This time last year, I headed to Charleston, South Carolina, in the wake of one of the most stunning mass shootings and acts of racial violence in the United States in my lifetime. The shooting of nine members of a Bible study group at Emanuel African Methodist Episcopal Church brought forth a steady stream of mourners intent on action. Within a month, the Confederate Flag flag was suddenly, finally gone from the statehouse grounds in Columbia.

Meanwhile, attempts to fix the leaks in federal and state gun laws — laws that allow people to buy guns without a completed background check — quickly stalled, again. In the immediate aftermath of the shooting at Mother Emanuel, the feeling was that we should never allow such a thing to happen again. And then this week it did. – MP, June 2016

Days have been busy this summer at the Emanuel African Methodist Episcopal Church in downtown Charleston, South Carolina. On the afternoon of June 17, a construction crew continued work on the church’s new elevator, built to carry aging members up to the sanctuary so they can avoid the long climb up the stairs. A few hours later, as people’s workdays ended, the church began to fill up for a business meeting. The Rev. Clementa Pinckney, the church’s 41-year-old pastor and a state senator, drove down after a legislative session in the state capital, Columbia. Church elders, ministerial staff, and other members gathered on the lower-level floor that doubles as the church’s fellowship hall, a big, paneled room with folding chairs and tables that can accommodate the entire congregation. Carlotta Dennis, a longtime member and church steward, keeps tally. “We have a membership of about 927,” she says, then pauses. “I guess … minus nine.”

About 50 people showed up for the business meeting. They went through the agenda, they checked boxes. They needed to finish up quickly because the church’s Bible study group was scheduled for later that evening. The Wednesday-night Bible study had met for as long as anyone could remember. Membership changed, numbers fluctuated, but the Wednesday-night sessions had been a constant.

Elsewhere in Charleston, and indeed throughout the South, churches hold full services on Wednesday nights. But Mother Emanuel, as members call it, reserved Wednesdays for a close, intimate study of scripture. Between 20 to 25 people might be there any given week, all of them familiar faces, but it was a free-flowing kind of gathering. Everyone was welcome, but no one would be surprised if you didn’t show up. In the spring and summer, the hot Charleston sun is up late. People get tired. People have things to do. Dennis had often attended the study, but after the business meeting wrapped up, she went home. Most of the other church members did, too.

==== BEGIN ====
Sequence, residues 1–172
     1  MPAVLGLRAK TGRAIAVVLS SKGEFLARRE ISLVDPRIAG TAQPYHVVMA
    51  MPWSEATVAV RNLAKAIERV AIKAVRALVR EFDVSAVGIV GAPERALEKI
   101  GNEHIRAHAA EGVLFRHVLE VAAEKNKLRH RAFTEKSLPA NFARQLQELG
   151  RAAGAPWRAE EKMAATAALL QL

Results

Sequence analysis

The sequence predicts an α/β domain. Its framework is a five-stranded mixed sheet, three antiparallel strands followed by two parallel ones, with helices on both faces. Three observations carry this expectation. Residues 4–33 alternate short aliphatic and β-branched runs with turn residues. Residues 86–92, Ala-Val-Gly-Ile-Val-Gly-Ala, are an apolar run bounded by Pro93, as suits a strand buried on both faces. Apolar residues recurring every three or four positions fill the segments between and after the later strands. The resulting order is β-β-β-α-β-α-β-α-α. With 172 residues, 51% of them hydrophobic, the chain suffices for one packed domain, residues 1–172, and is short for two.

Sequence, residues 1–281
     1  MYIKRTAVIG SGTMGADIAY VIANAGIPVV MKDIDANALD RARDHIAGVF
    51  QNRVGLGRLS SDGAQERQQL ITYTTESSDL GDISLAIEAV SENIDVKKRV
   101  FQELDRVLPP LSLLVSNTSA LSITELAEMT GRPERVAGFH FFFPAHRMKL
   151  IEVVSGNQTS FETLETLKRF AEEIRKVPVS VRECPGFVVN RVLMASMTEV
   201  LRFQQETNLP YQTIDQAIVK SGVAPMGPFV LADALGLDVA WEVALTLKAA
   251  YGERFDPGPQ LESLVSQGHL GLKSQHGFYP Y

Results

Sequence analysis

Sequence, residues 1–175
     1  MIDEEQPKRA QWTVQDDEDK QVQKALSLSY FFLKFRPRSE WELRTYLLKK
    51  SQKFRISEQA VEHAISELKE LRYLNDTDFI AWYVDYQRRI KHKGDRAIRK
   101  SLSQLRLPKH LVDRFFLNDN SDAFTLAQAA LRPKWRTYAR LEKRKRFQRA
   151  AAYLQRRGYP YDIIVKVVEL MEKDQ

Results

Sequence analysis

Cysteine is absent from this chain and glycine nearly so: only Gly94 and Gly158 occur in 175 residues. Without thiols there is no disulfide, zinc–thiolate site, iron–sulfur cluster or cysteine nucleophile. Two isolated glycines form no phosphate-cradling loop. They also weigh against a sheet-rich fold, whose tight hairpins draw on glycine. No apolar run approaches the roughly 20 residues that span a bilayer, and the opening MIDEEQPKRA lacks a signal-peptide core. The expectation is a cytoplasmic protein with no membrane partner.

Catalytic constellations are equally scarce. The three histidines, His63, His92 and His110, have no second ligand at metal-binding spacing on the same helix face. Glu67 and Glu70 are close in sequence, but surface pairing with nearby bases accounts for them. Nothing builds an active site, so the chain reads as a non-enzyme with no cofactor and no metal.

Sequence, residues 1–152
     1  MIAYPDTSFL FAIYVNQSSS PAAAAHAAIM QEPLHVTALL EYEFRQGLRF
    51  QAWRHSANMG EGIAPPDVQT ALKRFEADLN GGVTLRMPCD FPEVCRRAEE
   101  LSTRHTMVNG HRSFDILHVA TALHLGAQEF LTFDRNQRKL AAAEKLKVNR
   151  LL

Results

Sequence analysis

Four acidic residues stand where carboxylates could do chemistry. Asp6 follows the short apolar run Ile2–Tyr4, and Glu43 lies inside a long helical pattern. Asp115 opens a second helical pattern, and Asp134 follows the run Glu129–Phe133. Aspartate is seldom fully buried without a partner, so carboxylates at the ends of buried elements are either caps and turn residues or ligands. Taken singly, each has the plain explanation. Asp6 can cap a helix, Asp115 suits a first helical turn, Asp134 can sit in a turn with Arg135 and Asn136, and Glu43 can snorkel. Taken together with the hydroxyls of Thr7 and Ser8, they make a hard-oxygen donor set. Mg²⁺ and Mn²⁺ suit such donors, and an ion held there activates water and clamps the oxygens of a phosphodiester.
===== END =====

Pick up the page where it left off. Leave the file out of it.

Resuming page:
The Bible study — which typically ran for an hour or two — finally began that night just before 7:30 p.m. Thirteen people settled at a round table with their Bibles out, and notebooks for particularly salient points about that night’s passage — a serious study for serious Christians. Ethel Lance, a Church sexton and usher, stayed. So did Sharonda Coleman-Singleton, a speech pathologist, girls’ track coach, and part-time minister. The Rev. Daniel Simmons, who was 74 and had come out of retirement to join the ministerial staff at Mother Emanuel, was the study group’s leader and organizer. The youngest study group member was 26-year-old Tywanza Sanders — a recent college graduate, barber, and aspiring rapper and motivational speaker, according to the back of his business cards. His family has belonged to the church for generations, and he was exactly the kind of member Pinckney was trying to bring back to the church, reviving its aging membership and stemming the flow of young people to the big megachurches in the suburbs, where many of them had gone to live. Tywanza’s aunt, 87-year-old Susie Jackson, whose favorite book was Proverbs, was also there. Rev. Pinckney attended the study while his wife and one of their daughters hung out in his office. Myra Thompson, one of 14 siblings, led the discussion that night.

Some churches host Bible studies that follow a strict curriculum. Others read through the Bible in a particular way, one that follows the liturgical calendar, or plow chronologically through the Old Testament and then the New. Mother Emanuel’s depended on who was there. “It was almost like an open book,” Dennis says. “Everything was addressed. You might do some little talking, but it was mostly study and fellowship.” This particular Bible study group, heavy on ministers and the most devout, was like a master class in scripture, a discussion among people who would have read every line and chapter multiple times, who knew the passages in a deep, thoughtful way. The stalwarts who stayed to study the Bible no matter the late hour or the heat or other things they could have been doing. Coleman-Singleton’s son would tease her for always being at the church.